Visually striking, but narratively undernourished, the father-and-son-bonding drama “Homeward” unfolds against the backdrop of a fraught road trip from Kyiv to Russia-annexed Crimea and marks a flawed debut from young Ukrainian helmer-writer Nariman Aliev, a Crimean Tatar. Indeed, the plight of Crimean Tatars (both historically and currently) forms an important element of the plot. While the subtle connotations surrounding which of the film’s different languages are spoken in various situations may not be understood by all viewers, the mixed feelings of love and resentment between father and son — and their pride in their Tatar heritage and homeland — come through loud and clear.
As the film opens, Kyiv college student Alim (the helmer’s cousin Remzi Bilyalov, an affecting non-pro and also the star of his 2016 short “Without You”) and his father Mustafa (Akhtem Seitablayev), newly arrived from Crimea, are paying a visit to one of the capital’s morgues to claim the shrapnel-pocked body of Alim’s older brother Nazim (Anatoliy Marempolskiy), one of many Ukrainian soldiers killed in the conflict with Russia.
Even though Nazim lived in Kyiv with his Ukrainian Orthodox wife Oleysa (Dariya Barihashvili), the fierce Mustafa brusquely insists on taking his son’s body back to Crimea for a Muslim burial next to his mother’s grave, and won’t allow Oleysa to travel with them. A complicated backstory of familial estrangement is hinted at (it’s the first time Mustafa and Oleysa have met; Mustafa doesn’t know what Alim is studying; Oleysa talks about Mustafa being dangerous), but is never further elaborated or explained, much to the detriment of plot logic.
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Regardless of what may have happened in the past, there is definitely a gulf that is greater than generational in the relationship between the street-smart Mustafa and the now-citified Alim. Symbolizing this, they have only one shared language: Crimean Tatar, a Turkic tongue not related to Slavic languages.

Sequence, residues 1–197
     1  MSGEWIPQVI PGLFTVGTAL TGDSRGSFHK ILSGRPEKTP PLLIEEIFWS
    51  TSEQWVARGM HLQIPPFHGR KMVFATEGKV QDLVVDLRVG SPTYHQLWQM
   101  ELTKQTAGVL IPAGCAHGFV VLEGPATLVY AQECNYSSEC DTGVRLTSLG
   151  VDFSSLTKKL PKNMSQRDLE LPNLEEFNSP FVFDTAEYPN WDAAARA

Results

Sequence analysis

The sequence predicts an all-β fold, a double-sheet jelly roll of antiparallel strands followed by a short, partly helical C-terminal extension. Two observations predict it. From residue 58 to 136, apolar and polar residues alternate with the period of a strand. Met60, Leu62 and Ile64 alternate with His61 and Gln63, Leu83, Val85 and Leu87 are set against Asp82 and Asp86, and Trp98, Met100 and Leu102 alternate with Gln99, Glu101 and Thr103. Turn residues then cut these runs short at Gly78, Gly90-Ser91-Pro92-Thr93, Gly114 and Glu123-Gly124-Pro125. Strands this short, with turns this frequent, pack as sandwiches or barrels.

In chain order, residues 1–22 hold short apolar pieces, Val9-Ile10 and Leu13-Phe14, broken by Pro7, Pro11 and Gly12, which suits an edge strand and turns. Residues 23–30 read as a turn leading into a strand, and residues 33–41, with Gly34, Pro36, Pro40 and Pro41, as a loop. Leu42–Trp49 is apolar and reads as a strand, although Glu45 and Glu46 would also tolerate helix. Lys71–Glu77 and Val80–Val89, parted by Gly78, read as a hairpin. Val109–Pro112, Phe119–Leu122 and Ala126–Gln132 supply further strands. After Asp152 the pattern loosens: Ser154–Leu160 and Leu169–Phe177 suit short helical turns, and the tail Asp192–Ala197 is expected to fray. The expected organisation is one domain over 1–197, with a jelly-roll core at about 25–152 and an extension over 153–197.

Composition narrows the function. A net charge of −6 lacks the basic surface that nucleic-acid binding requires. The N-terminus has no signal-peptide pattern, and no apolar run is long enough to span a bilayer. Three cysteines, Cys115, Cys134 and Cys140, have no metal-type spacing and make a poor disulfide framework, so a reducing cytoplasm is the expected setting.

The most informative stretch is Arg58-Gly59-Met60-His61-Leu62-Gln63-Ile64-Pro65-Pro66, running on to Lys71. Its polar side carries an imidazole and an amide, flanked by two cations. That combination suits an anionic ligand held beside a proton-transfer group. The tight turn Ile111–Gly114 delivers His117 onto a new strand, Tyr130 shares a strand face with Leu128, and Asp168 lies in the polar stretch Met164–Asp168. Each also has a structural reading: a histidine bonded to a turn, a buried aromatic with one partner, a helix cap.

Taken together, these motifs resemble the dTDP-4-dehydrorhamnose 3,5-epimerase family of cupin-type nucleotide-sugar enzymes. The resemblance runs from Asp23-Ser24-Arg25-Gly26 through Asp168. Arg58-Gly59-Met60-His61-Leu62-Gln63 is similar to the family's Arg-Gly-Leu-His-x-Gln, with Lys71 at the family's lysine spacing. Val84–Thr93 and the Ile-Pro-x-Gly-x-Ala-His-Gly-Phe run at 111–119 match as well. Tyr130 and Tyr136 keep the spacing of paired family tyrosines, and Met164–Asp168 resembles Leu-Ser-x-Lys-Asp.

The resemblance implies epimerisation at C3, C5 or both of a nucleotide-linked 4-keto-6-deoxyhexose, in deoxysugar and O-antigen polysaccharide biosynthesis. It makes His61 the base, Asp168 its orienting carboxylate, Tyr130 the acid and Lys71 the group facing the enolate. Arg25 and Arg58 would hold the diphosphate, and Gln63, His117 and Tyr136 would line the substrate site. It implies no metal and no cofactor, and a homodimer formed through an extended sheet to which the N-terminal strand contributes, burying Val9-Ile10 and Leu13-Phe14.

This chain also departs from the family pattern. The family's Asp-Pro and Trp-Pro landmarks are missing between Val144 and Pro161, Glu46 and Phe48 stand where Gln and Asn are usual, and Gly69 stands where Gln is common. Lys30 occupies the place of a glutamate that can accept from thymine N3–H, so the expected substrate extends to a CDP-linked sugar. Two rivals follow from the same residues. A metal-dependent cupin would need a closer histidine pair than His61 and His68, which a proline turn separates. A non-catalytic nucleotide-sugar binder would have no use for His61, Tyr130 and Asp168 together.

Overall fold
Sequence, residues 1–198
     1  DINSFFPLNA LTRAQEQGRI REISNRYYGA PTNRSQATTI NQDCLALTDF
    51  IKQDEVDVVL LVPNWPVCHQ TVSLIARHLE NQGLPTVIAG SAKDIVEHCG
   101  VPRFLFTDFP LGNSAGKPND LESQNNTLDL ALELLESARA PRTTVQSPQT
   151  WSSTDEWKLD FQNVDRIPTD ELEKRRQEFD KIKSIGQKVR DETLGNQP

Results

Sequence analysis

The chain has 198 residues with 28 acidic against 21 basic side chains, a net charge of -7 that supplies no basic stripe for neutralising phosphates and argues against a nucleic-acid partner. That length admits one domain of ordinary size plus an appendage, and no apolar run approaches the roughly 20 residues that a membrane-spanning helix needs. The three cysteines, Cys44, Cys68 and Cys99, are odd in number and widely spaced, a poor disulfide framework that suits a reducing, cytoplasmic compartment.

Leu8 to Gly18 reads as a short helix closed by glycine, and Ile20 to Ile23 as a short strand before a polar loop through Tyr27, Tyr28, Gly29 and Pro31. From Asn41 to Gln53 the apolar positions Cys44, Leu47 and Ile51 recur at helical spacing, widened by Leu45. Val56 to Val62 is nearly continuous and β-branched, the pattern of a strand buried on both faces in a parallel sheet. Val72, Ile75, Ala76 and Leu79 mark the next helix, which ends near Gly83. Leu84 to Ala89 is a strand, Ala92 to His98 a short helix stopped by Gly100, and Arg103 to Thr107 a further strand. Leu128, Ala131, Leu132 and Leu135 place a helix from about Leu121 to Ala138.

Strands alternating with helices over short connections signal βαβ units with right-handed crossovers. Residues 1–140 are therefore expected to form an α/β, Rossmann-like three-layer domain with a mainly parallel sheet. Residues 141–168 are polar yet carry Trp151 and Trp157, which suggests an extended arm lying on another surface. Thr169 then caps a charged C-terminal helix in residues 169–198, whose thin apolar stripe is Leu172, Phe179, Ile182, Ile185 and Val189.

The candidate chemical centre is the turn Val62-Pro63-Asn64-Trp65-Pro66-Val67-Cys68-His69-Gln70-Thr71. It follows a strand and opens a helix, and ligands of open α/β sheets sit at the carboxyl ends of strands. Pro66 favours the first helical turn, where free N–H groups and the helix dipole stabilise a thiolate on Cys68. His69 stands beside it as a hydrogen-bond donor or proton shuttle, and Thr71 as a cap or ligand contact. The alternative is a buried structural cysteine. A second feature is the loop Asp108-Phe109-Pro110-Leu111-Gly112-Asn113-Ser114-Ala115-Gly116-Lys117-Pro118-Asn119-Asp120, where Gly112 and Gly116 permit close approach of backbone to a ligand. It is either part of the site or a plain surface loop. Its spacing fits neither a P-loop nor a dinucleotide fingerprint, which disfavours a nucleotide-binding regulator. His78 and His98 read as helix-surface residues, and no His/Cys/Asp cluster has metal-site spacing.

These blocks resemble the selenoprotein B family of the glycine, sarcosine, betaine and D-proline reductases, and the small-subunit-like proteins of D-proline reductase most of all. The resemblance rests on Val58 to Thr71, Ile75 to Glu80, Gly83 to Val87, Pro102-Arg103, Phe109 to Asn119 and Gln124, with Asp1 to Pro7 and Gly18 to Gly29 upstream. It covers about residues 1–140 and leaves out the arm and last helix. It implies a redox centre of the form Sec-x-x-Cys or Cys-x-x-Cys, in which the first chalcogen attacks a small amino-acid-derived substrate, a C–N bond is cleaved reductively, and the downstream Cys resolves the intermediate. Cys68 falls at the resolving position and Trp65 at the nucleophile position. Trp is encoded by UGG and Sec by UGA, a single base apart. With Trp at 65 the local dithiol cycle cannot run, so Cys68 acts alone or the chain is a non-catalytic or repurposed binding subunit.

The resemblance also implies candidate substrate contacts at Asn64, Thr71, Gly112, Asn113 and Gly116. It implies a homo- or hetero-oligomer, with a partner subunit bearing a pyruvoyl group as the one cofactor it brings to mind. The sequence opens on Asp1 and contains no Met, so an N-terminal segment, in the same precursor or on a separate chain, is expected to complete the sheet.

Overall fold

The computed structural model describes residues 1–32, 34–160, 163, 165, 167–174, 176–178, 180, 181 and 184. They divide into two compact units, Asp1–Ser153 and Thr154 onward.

Like many Crimean Tatars of his generation, Mustafa grew up in Uzbekistan, where his relatives were deported in 1944. He learned Russian in school and Soviet ways of doing business. As Mustafa drives south and west with Alim, we see this style in operation as he tries to get his way with bribes or brute force. Meanwhile, teenager Alim wasn’t even alive during the Soviet period. And he speaks fluent Ukrainian, the tongue in which he converses with everyone else except his father.
As Mustafa and Alim encounter and (sometimes less credibly) solve many problems en route to Crimea, a wary mutual respect grows between father and son. But at the same time, it gradually becomes clear that Mustafa’s crazily intense rush to bring Nazim’s body to the homeland is not just about the Muslim tradition to bury the dead as soon as possible.
In addition to being short on character development and narrative logic, the universe of the screenplay penned by helmer Aliev and Marysia Nikitiuk, from an idea by first A.D. Novruz Hikmet, is definitely a male chauvinist one. Women, whether Olyesa or the mechanic’s granddaughter Masha (Veronika Lukianenko), are depicted as temptresses who lure Mustafa’s sons into trouble. Although Alim at first seems shocked by his father’s treatment of Oleysa and stays in touch with her by phone, he later abruptly dismisses her.
Apart from the curiosity value of the film’s look into the lives and traditions of Crimean Tatars, its strongest suit is the impressive cinematography by Anton Fursa. He frames the characters in tight closeups when in Kyiv and in the car, but as they approach Crimea, beautiful yet austere shots of the natural surroundings become more prominent. Particularly unforgettable are the visuals during the climactic scene that depicts Alim literally burdened by the weight of Tatar tradition.
Aliev eschews a music track, instead making strong use of diegetic sound and sound design.
For the record, prominent actor Seitablayev is the director of a 2013 feature about the deportation of Crimean Tatars in 1944 called “Return.”